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If you care for someone with dementia you can fill in the Herbert Protocol Form (link shown below) containing information to give to the Gardaí if the person goes missing. This means you don’t have to remember the information when you are under stress if someone goes missing. And it saves time, so the Gardaí can start the search sooner. You can fill in this form on your computer or print it out and fill it in by hand. Keep it somewhere safe where you can easily find it if the person goes missing. You could give a copy to other family members. Keep this information up to date whenever something changes. You only need to give the form to the Gardaí if the person goes missing. Details are helpful, but don’t worry if you can’t answer every question. There is space at the end of the form if you run out of space for any of the questions. And you can always add another page to a printout or add something to an email.

‘Wandering’ is the term used for those people with dementia who may wander from their usual environments.

Wandering is quite common amongst people with dementia and can be very worrying for families and carers concerned for their safety and well being. The person’s failing memory and declining ability to communicate may make it impossible for them to remember or explain the reason why they wandered.

There are many reasons why someone with dementia may wander. These include:

• changed environment

• confusion

• excess energy

• searching for the past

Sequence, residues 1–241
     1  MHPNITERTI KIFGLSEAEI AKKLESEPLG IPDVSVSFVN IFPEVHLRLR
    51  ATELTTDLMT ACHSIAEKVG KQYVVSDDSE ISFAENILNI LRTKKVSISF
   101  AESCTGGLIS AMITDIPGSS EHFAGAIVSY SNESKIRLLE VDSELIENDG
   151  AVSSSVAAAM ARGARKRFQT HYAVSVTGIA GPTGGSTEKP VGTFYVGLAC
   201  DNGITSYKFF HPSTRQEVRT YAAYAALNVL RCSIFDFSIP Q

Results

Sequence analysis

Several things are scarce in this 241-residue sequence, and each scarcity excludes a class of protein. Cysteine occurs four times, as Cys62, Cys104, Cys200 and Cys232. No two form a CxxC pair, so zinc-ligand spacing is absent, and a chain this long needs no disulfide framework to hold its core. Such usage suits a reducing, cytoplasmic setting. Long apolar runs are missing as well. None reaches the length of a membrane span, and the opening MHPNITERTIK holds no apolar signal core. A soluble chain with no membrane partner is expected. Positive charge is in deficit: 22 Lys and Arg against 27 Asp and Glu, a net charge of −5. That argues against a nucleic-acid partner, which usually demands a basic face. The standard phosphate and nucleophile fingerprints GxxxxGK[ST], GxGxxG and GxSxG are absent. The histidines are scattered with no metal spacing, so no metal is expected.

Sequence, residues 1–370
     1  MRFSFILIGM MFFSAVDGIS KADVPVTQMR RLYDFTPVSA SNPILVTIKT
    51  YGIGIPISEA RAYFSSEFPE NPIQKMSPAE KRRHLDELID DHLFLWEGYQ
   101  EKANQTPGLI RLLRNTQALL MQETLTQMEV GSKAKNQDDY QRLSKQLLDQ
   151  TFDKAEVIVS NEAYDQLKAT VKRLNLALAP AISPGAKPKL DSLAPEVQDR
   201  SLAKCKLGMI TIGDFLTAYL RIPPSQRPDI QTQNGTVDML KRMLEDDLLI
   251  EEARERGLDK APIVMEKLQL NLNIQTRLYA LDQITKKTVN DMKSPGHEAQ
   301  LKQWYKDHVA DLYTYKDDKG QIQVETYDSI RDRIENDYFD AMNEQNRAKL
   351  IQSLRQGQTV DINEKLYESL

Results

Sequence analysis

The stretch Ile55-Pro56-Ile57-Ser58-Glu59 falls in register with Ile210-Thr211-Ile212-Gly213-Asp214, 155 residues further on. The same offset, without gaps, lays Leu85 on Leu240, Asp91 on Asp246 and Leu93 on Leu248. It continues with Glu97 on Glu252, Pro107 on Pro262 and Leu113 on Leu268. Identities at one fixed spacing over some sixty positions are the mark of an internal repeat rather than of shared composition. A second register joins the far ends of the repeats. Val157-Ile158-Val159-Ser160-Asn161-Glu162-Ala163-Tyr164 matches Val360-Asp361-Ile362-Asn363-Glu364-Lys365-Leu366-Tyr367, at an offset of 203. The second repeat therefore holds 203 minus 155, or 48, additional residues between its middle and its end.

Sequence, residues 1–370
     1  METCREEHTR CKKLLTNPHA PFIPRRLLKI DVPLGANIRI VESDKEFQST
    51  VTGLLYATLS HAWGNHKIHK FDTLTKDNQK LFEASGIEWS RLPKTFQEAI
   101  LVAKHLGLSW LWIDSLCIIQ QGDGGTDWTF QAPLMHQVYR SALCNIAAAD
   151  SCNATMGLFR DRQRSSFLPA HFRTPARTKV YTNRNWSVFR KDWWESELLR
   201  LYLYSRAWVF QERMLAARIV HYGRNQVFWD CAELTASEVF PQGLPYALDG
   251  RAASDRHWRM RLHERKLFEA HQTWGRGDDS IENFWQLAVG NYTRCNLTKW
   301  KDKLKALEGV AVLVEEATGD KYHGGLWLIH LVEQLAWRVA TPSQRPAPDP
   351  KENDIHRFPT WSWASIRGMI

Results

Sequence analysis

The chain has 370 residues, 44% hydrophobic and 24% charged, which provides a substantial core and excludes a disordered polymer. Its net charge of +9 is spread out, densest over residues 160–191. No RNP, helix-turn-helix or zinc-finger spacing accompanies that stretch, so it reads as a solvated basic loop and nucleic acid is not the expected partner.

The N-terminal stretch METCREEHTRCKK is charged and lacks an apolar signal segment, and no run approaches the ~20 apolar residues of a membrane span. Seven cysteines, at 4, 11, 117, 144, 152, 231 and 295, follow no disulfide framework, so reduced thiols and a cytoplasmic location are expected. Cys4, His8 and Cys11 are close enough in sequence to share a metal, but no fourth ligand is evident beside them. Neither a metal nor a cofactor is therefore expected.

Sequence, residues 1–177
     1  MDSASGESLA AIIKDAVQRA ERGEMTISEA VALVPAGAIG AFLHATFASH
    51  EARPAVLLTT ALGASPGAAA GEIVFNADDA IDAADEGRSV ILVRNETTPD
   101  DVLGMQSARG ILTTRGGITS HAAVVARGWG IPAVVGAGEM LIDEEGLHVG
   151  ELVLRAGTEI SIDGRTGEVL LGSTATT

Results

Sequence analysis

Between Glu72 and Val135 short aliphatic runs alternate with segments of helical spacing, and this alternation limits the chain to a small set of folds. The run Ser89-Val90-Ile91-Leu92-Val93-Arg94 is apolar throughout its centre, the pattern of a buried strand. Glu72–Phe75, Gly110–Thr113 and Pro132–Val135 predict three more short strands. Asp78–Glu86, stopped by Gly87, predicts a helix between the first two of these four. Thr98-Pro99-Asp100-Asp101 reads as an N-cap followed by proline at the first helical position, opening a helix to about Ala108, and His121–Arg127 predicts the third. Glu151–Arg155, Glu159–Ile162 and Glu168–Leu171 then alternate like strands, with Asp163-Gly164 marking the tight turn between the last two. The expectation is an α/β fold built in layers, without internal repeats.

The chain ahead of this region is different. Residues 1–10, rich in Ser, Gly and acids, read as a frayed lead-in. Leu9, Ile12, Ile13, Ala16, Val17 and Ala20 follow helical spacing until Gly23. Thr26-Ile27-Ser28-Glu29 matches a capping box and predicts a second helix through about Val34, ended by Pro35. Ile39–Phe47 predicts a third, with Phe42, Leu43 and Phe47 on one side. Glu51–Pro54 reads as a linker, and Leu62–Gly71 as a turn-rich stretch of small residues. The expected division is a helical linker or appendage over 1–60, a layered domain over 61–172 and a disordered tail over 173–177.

• expressing boredom

• confusing night with day

• continuing a habit

• agitation, discomfort or pain

• a job to perform.

A person with dementia may feel uncertain and disorientated in a new environment such as a new house or day centre. It could happen because a person may forget where they were going or why. Wandering can be a way of using up excess energy which might indicate the person needs more regular exercise. People with dementia may become confused and wander off in search of someone or something, relating to their past.

As dementia progresses people find it harder to concentrate for any length of time and wandering may be their way of keeping occupied. People who have been used to walking long distances may simply wish to continue doing so.

Agitation, discomfort, any physical pain, tight clothing, excessive heat or needing to find a toilet can all be causes for wandering. Sometimes people leave the house because they believe they have to go to work or pick up their children in the afternoon.

What are the challenges for those who are missing?

There are many challenges the missing person may face such as safety, vulnerabilities, no access to medication, exposure to the elements, loss of orientation around current time, and inability to communicate as to where they are supposed to be.

It is important to note that a person with dementia will have their short-term memory affected and may be very confused and scared. They might have difficulty remembering their name, address or phone number.


What are the challenges for those left behind?

Those left behind may face anxiety, fear and confusion about where to search and how to look for their loved one. It is important to stay calm. Initially a person should make a thorough search of the house, garden, garage and shed. Write down what the person was wearing and perhaps notify the neighbours.

It might be a good idea to walk or drive around the immediate area and to any places the person may regularly visit. If possible, have somebody stay at home in case the person comes home and so that the telephone can be answered.

If you still cannot locate the person, you need to visit your local Garda station to make a missing persons report. The Gardaí may ask for a recent colour photograph and any identifying characteristics about the person who has wandered.

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